Individuals’ physical inactivity costs $67.5 billion per year globally, a study by researchers at the University of Sydney has found.
In what is the first study to quantify the worldwide economic costs of not getting sufficient exercise, published in the scientific journal The Lancet, the largest portion, over 40 percent of the total, ($27.8 billion) comes from the U.S. This highlights the gap between high- and low-income countries.'
Melody Ding, Ph.D., who led the study, speaking to CBS News, said:
“After decades of research, we now have established knowledge about how physical inactivity contributes to premature deaths and chronic diseases, but the economic burden of physical inactivity remains unquantified at the global level. Through estimating the economic burden of physical inactivity for the first time, we hope to create a business case for investing in cost-effective actions to promote physical activity at the global levels."
Ding and her colleagues analysed 2013 data from 142 countries, studying five major non-communicable diseases which could be reduced by exercise.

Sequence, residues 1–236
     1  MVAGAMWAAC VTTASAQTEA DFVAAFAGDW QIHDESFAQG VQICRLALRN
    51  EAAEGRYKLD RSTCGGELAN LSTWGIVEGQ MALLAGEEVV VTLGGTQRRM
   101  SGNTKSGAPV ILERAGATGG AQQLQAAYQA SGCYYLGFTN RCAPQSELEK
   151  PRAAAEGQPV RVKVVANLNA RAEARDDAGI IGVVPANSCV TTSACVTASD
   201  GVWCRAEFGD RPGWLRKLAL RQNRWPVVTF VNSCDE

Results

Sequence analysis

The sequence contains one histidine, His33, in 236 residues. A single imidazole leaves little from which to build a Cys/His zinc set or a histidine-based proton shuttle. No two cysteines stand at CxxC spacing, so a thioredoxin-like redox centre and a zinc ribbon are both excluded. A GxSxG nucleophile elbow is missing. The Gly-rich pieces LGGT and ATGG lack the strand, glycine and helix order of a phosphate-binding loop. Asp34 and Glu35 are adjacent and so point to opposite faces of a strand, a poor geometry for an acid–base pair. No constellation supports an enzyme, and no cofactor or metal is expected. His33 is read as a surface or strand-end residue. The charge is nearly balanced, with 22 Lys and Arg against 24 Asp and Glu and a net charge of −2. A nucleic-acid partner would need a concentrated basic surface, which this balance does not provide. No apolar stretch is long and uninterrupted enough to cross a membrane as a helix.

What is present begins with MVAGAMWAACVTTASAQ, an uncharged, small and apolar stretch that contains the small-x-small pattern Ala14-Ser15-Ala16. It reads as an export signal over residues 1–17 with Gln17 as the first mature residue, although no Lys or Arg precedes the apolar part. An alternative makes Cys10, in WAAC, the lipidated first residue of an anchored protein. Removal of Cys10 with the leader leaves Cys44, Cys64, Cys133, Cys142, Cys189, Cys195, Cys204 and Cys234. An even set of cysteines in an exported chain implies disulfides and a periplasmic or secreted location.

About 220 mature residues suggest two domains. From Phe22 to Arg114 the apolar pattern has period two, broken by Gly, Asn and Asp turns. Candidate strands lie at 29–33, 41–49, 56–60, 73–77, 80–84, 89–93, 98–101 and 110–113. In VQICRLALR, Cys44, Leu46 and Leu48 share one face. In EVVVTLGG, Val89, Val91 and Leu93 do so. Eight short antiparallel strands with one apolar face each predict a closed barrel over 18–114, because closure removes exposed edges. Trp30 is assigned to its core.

The researchers calculated direct costs of healthcare at about $54 billion. Indirect costs, such as lost productivity due to early death, ere pegged at a further $13.7 billion.
The title of most costly disease went to type 2 diabetes, which was deemed to be responsible for $37.6 billion annually in direct costs.
[caption id=“attachment_80802” align=“aligncenter” width=“680”] Centers for Disease Control and Prevention[/caption]
Only one in three U.S. adults gets the recommended amount of physical activity per week, the President’s Council on Fitness, Sports, and Nutrition estimates. Regular physical activity decreases the risk of obesity and chronic diseases, controls weight, reduces blood pressure, and improves blood glucose and cholesterol control.
Physical activity also reduces feelings of depression and anxiety and promotes psychological well-being.
According to the President’s Council on Fitness, Sports & Nutrition:
Less than 5% of adults participate in 30 minutes of physical activity each day; only one in three adults receive the recommended amount of physical activity each week
Only 35 – 44% of adults 75 years or older are physically active, and 28-34% of adults ages 65-74 are physically active.
Children now spend more than seven and a half hours a day in front of a screen (e.g., TV, videogames, computer).
Nearly one-third of high school students play video or computer games for 3 or more hours on an average school day.24
Dr Ding Ding, MD, Kenny D Lawson, PhD, Tracy L Kolbe-Alexander, PhD, Prof Eric A Finkelstein, PhD, Prof Peter T Katzmarzyk, PhD, Prof Willem van Mechelen, PhD, Prof Michael Pratt, MD The economic burden of physical inactivity: a global analysis of major non-communicable diseases The Lancet; DOI: http://dx.doi.org/10.1016/S0140-6736(16)30383-X
Photo: Ian Burt/Flickr